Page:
Don’t argue loudly or shout. A show of bad temper is a sign of poor emotional control and is a sure loss of face in the eyes of Vietnamese people.
Do receive objects and even change with both hands if that is the way it is offered. It is respectful to do so.
Don’t bow from the waist as Chinese, Japanese and Koreans do. Close a conversation or transaction with a sharp bow of the head only. Shake hands only if your partner initiates the gesture.
Don’t touch people of the opposite sex, but if you find yourself in friendly conversation with a Vietnamese friend, expect to be gently touched on the forearm or shoulder as a sign of trust.
Do dress neatly and modestly. Pants should be below the knee for both men and women. Shirts should have sleeves, especially if you’re visiting a religious site.
Don’t forget your sense of humor. Most Vietnamese enjoy a joke and often engage in a form of good-natured ribbing that may seem aggressive to new arrivals. Feel free to respond in kind. Where spoken language fails, a smile and pantomime that includes amusing body language will win you many friends.
Do be yourself. Most Vietnamese are as eager to learn about your culture as you are to visit theirs.
Do dress for the occasion. Hong Kong is a relatively formal city and, despite its almost year-round heat, top restaurants and clubs ask customers to dress smart casual, meaning no sleeveless shirts, shorts or open-toed shoes for men, and no flip-flops or sandals for women.
Don’t forget your umbrella. Except for the winter, when Hong Kong is generally dry, south China weather is highly changeable and can get very wet, very fast.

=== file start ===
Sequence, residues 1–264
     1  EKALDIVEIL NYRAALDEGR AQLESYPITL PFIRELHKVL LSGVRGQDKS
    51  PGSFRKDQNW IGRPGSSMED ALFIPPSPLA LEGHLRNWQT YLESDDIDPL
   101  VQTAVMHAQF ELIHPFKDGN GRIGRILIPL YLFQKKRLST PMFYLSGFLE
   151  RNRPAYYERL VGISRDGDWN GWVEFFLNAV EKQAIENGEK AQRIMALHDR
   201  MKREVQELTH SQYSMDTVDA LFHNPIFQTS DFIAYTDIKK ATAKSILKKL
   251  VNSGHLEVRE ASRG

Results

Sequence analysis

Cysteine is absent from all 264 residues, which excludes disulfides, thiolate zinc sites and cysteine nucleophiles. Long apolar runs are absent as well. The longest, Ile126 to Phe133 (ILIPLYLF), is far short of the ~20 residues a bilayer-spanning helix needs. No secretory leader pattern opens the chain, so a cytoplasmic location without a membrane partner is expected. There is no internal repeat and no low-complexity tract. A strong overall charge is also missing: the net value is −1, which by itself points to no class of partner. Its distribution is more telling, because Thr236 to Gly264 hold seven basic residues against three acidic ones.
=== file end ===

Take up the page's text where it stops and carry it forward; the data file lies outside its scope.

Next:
Do get outside of the city center. There is so much more to Hong Kong than concrete high-rises, although short-term visitors could be forgiven for thinking otherwise. Take a trip to the New Territories, go for a hike through any of Hong Kong’s green areas or hop a ferry to one of the outlying islands. You will have a completely different view of Hong Kong if you do. An Octopus stored-value card is a boon for using public transport.
Don’t forget to bargain everywhere except at department stores and restaurants. Sellers expect it, and their first price is never their best price. If they claim it is, walk away—you can do better elsewhere.
Do leave plenty of space in the luggage you take in with you; it will soon be filled with shopping buys. Otherwise, just buy more luggage.
Don’t worry about carrying traveler’s checks or wads of cash. ATMs are plentiful around the main business areas and even near most beaches and on the islands.
Do look both ways before you cross the street. Unlike neighboring China, Hong Kongers drive on the left, like their former colonial stewards, the British. Make sure you look and then look again, just to be safe. And watch out for trams crossing Central.
Don’t spit or drop litter; both carry fixed penalty fines of HK$1,500, and there is a fine of HK$5,000 for those caught spitting on the MTR.
Do take the Hong Kong Airport Express upon arrival into Hong Kong. Determine if your hotel is on the Kowloon side or Hong Kong Island, then hop off accordingly. All information is in English, the scenic ride costs less than one-third the price of a taxi, and the views are terrific.